If, like me, you were a fan of Babylon 5 from the beginning, you may recall that it was broadcast as part of the Warner Brothers PTEN network, meaning that whatever local channel in your area had chosen to sign on had the rights to broadcast the show. But it also meant that, unlike network shows that were supposed to be shown at precise times and days (such as, say, every Monday at 8 pm), Babylon 5 could be shown by each channel whenever it wanted to within the week of broadcast.
In October 1996, my main source for the show was channel 50 out of New Hampshire, which at the time was an independent station with the call letters WNDS. Channel 50 did a pretty good job of keeping the show on schedule, but there were times when the show got moved around to another slot. Fortunately, with the aid of a magazine called TV Guide that included print listings of television broadcast schedules, I was able to know when the show would be on. If the show was being broadcast at an inconvenient hour, such as in the middle of the night, I would set my VCR, a device that allowed me to record television shows onto a medium known as videotape, to watch later. (If I recall correctly, channel 50 showed a lot of local live sporting events, which is why their scheduling was often a bit flaky.)
The week that the B5 episode "And the Rock Cried Out, No Hiding Place" was supposed to be broadcast, there was no listing at all for the show. Concerned, I actually called up the station to find out what was going on. Fortunately for me, they were very understanding, although I did get the impression that I was the only viewer who had contacted them.
A staff member explained to me that due to the quirks in scheduling there was only one time slot during the whole week in which they were able to fit the episode. A movie was going to run until 3 am Sunday on Daylight time, and then, at 3 am, when they moved the clocks back, they were planning to squeeze in the Babylon 5 episode during the second 2 am of the night.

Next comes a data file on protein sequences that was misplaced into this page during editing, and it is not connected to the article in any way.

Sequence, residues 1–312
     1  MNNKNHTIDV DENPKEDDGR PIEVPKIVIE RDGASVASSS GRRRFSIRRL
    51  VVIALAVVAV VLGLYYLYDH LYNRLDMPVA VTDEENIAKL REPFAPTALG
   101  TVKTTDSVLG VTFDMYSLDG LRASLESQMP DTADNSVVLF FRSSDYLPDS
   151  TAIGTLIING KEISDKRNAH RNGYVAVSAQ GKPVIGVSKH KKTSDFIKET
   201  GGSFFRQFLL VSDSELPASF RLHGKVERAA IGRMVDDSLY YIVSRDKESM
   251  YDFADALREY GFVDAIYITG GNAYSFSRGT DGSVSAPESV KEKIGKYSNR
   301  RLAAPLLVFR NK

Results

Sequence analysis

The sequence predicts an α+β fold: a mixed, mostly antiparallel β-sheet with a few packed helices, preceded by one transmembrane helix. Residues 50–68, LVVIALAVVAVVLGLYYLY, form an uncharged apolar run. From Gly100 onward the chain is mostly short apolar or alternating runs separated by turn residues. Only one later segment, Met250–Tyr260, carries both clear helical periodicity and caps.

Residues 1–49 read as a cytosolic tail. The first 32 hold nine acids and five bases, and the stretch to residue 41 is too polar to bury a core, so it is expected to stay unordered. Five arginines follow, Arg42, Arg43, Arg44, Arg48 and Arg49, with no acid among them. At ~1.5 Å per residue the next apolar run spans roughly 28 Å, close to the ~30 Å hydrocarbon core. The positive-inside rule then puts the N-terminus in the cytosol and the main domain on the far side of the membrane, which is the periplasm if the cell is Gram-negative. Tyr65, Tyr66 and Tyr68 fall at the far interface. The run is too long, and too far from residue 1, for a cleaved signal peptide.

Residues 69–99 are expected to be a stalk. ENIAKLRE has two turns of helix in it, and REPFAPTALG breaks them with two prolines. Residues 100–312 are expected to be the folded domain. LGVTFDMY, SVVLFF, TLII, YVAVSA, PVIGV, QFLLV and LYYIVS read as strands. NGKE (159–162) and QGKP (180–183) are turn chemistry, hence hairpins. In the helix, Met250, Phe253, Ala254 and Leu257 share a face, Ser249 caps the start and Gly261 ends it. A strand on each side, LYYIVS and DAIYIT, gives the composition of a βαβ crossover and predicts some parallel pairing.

Basically, the episode was going to be shown during the extra hour of the night that didn't really exist. Somewhat appropriate for a show like B5...
This also explained why the episode wasn't listed on the schedules. TV Guide didn't bother printing what the stations had planned for the second 2 am of the night, probably because most people wouldn't care. But given the TV show I was chasing around the airwaves, I did care.
That evening, I set the VCR timer to record channel 54 from 3 am to 4 am EDT (which by that point would be 2am to 3 am EST), and I hoped that the staff member had been correct. When I woke up in the morning, the first thing I did was run to the TV and VCR, and I confirmed that the episode had recorded successfully, along with a lot of the, um, interesting advertisements that were broadcast during the early morning hours.
I told this story at science fiction conventions for many years, and it usually got a laugh. I do sometimes wonder if any other New England fans found themselves confused when the next episodes were broadcast, as this particular one included some rather vital plot points for the show's arc.